At the truly tiny scale of nanoparticles, attractions and repulsions among atoms and molecules often overwhelm the more ordinary forces at play in the larger-scale world.
Such nanoscale forces, driven in some cases by the momentary orientations of electrons, become a problem when the goal is to keep particles evenly dispersed in liquid — a challenge for manufacturers who want to make products featuring nanoparticle-enhanced films or coatings. Nanoparticles suspended in solvents at high densities tend to clump while the coating is drying, negating the benefits of their nanosized ingredients.
Improving the processing and manufacturability of such coatings and thin films is the primary goal of a research collaboration that began last spring among Sandia and a half dozen major companies.
The Nanoparticle Flow Consortium includes 3M, BASF, and Corning, among others. Sandia serves as the hub for the three-year, $2 million cooperative research and development agreement.
From lab to plant
Currently most nanoscience takes place in labs where very small amounts of matter are manipulated using specialized equipment. To manufacture consumer products, companies will need to master high-throughput, large-scale nanomaterial processing techniques, says Randy Schunk of Nanoscale & Reactive Processes Dept. 1516, who leads Sandia’s portion of the work.
“Manufacturable implies practical,” he says. “Companies need to disperse these particles in liquid, then cast them, coat them, layer them, or paint them on something, often over large areas. Such problems aren’t necessarily going to be addressed in a research lab.”
The potential benefits are enormous, he says. The National Science Foundation estimates that by 2015 the worldwide nanotechnology market could reach a trillion dollars annually. “The amount of money involved is staggering,” says Randy.
Already today’s flat-screen TVs incorporate nanofilms in their display screens. On the horizon are stronger and more transparent glues, lightweight composites, sealants for microelectronics devices, and new materials for sensing and medical devices.
Possible future products include coatings that react to the environment, paint or glass that color-shifts like a chameleon, self-lubricating or self-healing surfaces, or antimicrobial coatings for hospital ventilation systems, for example.
Toward a predictive capability
The consortium’s work will address two main technical challenges: stable dispersal of nanoparticles in solution during processing, and improved understanding of particles dispersed in materials under stress or flow and how these states are affected by nanoscale forces. Both were viewed by participants as limiting factors in bulk manufacturing of nanomaterials and thin films.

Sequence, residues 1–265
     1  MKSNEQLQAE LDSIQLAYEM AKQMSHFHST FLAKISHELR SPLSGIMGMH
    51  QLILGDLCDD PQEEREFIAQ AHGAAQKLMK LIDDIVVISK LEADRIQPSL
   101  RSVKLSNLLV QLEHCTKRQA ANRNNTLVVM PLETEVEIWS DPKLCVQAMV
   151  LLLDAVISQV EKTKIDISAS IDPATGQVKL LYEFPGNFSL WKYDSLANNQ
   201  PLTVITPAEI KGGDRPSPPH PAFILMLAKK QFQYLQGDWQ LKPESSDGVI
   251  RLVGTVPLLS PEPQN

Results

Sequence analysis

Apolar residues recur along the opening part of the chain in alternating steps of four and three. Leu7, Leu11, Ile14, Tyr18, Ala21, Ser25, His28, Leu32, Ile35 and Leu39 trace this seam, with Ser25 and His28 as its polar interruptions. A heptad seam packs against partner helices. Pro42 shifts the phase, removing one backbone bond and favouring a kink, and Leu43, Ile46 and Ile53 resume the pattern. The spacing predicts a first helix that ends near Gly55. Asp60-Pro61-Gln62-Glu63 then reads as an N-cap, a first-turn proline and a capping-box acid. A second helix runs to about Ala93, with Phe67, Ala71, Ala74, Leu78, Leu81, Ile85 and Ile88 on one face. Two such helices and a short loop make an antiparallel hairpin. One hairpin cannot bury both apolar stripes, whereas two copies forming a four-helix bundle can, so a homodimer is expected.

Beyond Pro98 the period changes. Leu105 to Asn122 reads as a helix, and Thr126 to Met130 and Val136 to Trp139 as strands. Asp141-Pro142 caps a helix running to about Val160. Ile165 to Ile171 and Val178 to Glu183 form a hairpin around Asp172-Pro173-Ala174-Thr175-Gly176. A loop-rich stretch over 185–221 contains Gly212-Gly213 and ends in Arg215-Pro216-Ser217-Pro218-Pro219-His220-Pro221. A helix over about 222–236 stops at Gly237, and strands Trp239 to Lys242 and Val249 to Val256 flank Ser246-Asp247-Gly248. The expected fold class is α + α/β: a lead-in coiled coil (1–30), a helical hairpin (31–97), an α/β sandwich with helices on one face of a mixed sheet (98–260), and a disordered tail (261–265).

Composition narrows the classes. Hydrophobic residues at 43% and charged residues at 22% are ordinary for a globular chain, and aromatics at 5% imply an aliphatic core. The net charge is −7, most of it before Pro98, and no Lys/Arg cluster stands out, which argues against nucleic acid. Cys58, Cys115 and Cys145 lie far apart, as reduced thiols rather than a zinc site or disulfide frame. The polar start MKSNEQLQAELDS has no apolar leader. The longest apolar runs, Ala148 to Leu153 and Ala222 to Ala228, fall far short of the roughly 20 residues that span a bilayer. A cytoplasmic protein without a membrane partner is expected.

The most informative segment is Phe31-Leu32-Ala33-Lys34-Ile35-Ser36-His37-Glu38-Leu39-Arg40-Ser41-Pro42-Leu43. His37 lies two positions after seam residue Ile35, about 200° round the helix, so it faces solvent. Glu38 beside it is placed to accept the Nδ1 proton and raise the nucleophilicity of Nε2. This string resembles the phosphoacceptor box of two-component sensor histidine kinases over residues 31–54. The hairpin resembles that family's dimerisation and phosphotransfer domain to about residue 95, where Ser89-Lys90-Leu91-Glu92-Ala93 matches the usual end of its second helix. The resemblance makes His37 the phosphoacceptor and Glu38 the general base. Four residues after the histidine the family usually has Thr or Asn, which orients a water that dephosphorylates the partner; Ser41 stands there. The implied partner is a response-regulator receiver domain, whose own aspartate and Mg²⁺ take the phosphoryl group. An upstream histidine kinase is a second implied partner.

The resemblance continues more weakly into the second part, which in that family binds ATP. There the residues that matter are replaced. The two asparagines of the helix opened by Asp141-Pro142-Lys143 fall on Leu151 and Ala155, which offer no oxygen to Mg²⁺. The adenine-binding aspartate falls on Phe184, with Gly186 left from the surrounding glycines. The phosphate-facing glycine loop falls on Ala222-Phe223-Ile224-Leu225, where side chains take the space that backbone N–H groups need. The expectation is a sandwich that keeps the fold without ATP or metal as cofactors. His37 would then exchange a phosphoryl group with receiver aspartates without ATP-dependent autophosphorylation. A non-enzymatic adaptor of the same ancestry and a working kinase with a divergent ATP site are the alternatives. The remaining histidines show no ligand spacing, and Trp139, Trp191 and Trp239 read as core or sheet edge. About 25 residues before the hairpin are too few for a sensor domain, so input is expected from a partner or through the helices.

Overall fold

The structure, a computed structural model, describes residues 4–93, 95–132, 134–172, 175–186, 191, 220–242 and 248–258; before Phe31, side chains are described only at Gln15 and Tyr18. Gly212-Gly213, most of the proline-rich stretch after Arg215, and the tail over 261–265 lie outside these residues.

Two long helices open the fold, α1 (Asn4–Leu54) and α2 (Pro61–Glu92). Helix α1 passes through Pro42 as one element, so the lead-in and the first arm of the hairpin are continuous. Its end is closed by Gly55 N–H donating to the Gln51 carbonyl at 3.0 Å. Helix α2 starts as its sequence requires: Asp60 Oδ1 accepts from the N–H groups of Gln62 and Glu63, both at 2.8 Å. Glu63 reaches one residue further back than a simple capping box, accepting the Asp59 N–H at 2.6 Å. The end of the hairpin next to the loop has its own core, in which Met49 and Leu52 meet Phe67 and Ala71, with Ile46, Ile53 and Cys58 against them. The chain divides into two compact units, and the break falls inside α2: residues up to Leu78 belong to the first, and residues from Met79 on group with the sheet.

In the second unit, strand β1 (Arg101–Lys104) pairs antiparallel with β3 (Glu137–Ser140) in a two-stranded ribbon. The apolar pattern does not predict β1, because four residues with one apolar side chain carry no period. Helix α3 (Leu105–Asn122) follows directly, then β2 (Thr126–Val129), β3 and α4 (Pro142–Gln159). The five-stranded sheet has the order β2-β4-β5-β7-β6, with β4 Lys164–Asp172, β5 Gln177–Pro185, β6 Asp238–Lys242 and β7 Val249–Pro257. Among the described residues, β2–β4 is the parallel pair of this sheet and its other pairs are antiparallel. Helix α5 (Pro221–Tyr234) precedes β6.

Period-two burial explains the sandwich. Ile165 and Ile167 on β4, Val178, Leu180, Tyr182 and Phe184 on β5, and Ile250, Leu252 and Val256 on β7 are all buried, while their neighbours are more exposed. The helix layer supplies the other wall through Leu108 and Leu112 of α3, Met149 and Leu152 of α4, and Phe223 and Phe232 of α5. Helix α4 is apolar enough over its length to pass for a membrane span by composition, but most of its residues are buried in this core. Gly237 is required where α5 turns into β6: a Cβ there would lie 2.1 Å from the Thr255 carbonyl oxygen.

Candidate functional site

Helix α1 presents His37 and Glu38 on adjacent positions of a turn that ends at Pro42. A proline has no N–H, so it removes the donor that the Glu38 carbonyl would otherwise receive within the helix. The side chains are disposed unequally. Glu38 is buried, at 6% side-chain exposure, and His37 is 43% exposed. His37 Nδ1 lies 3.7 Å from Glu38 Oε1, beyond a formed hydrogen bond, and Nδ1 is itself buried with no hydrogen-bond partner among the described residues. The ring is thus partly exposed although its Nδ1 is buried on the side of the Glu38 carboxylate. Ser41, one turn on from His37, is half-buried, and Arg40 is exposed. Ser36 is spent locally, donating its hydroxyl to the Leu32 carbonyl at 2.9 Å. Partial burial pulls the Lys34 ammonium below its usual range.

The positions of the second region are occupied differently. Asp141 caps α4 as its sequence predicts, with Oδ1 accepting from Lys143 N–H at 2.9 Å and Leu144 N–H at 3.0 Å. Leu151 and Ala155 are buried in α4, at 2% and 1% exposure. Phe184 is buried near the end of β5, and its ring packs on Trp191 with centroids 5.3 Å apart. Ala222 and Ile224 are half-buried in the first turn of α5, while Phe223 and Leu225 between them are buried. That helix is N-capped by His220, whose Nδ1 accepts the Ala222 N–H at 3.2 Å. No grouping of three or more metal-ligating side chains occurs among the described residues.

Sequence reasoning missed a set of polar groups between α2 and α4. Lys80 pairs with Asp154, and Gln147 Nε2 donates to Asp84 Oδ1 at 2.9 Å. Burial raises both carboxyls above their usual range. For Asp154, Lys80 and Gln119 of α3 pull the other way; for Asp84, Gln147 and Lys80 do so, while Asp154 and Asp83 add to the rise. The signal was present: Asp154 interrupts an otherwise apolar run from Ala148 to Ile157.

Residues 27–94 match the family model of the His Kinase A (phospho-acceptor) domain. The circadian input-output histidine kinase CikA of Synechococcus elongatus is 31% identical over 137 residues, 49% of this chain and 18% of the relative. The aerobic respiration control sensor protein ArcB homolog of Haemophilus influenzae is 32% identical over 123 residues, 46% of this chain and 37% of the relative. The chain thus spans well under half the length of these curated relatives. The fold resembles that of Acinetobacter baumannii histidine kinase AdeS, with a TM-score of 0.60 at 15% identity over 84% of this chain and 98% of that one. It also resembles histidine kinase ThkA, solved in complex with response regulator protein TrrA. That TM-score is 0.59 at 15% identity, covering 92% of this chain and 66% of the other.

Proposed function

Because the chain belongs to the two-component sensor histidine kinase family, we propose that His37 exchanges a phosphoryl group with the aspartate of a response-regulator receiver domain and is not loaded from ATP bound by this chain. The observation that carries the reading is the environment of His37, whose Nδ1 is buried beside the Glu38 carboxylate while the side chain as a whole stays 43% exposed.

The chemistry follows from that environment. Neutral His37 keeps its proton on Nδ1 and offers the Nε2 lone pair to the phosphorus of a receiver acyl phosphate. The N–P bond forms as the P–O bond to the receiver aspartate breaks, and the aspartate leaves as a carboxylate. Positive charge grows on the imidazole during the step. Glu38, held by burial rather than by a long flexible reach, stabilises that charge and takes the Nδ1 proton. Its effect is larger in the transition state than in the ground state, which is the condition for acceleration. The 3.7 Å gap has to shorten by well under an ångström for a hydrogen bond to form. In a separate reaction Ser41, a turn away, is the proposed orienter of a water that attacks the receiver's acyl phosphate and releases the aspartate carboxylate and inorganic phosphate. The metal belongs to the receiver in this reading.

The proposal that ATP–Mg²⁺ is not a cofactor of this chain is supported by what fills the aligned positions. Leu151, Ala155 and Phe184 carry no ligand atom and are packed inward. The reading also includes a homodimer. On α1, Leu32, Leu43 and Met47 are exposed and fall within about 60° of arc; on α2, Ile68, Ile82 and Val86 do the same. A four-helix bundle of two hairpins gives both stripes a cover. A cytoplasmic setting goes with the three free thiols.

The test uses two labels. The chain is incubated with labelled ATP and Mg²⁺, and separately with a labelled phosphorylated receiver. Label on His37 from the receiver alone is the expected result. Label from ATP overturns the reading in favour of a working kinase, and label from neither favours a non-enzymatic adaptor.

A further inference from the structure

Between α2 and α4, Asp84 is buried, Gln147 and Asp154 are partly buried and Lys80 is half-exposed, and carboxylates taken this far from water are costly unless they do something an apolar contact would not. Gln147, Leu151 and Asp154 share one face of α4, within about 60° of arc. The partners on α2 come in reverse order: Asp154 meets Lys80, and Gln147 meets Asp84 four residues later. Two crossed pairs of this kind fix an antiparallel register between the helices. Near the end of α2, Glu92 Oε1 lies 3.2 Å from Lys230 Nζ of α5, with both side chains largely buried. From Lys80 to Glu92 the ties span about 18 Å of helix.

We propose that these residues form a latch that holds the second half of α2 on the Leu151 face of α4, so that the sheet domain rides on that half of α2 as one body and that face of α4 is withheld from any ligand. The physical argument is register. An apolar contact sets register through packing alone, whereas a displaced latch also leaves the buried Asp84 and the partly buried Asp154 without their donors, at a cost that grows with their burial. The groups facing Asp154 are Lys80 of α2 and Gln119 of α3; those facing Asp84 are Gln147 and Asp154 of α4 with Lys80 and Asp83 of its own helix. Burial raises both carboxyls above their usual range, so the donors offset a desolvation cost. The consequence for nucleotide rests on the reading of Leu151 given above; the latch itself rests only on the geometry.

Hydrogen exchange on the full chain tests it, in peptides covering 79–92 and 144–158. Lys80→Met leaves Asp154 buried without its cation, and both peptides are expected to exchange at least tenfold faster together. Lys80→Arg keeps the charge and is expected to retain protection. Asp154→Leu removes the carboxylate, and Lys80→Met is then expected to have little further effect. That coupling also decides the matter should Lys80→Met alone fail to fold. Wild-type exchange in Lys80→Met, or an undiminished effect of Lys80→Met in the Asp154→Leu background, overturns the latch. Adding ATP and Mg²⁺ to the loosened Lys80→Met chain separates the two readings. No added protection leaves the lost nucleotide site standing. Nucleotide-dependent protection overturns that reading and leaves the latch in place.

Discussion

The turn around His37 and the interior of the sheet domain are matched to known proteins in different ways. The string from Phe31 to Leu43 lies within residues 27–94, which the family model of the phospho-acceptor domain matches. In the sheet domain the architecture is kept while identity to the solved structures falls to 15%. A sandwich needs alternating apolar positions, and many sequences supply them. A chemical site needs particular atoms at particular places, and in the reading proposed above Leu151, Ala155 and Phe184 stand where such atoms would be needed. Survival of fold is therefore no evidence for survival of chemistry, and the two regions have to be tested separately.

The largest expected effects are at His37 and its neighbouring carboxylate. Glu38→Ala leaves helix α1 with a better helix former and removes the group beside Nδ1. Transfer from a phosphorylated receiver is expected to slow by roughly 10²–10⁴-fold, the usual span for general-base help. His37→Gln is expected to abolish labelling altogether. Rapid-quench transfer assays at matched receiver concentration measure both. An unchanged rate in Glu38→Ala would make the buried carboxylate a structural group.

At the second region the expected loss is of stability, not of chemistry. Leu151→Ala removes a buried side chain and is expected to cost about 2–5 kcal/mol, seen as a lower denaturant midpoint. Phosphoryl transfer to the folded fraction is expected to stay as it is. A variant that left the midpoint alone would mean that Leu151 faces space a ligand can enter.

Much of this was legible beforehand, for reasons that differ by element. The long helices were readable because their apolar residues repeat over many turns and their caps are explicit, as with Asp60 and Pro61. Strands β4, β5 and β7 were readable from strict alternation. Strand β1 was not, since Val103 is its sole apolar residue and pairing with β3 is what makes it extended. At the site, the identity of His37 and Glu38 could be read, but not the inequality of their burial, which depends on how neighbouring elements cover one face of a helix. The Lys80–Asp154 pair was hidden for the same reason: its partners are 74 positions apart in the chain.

Sandia is developing the modeling and simulation tools needed to understand liquid flow chemistry, nanoparticle dispersal stability, and particle control. Together with Sandia’s high-performance computers, says Randy, the tools are expected to result in a predictive capability for nanoparticle processing — meaning materials and techniques with the highest chances of success can be designed on computers before they are ever tried in a laboratory. The modeling tools will be available to all consortium partners.
Resolution of these technical barriers may open doors not only to advanced coatings, but to layered bulk materials as well, he says.
Within Sandia the work is a Labs-wide collaboration, with contributing scientists and engineers from four centers, says Randy. They include Steve Plimpton (1416), Mike Brown (1412), Gary Grest, Matt Lane, Matt Petersen (all 1114), Nelson Bell (1816), Jeremy Lechman (1516), and Anne Grillet (1513).
Work benefits NINE
Nanoparticle dispersal in liquid is a key issue for the companies involved in the National Institute for Nano Engineering (NINE), a national hub for nanoscale engineering and education. NINE funds Sandia’s portion of the consortium’s work, and NINE collaborators and students will benefit, he says.
The Nanoparticle Flow Consortium is modeled after a similar cooperative research effort that began at Sandia in 1996, the Coating Related Manufacturing Processing Consortium (CRMPC). The CRMPC included many of the same partners and resulted in a software package, GOMA 5.0, which far exceeded existing modeling capabilities for coating processes, Randy says.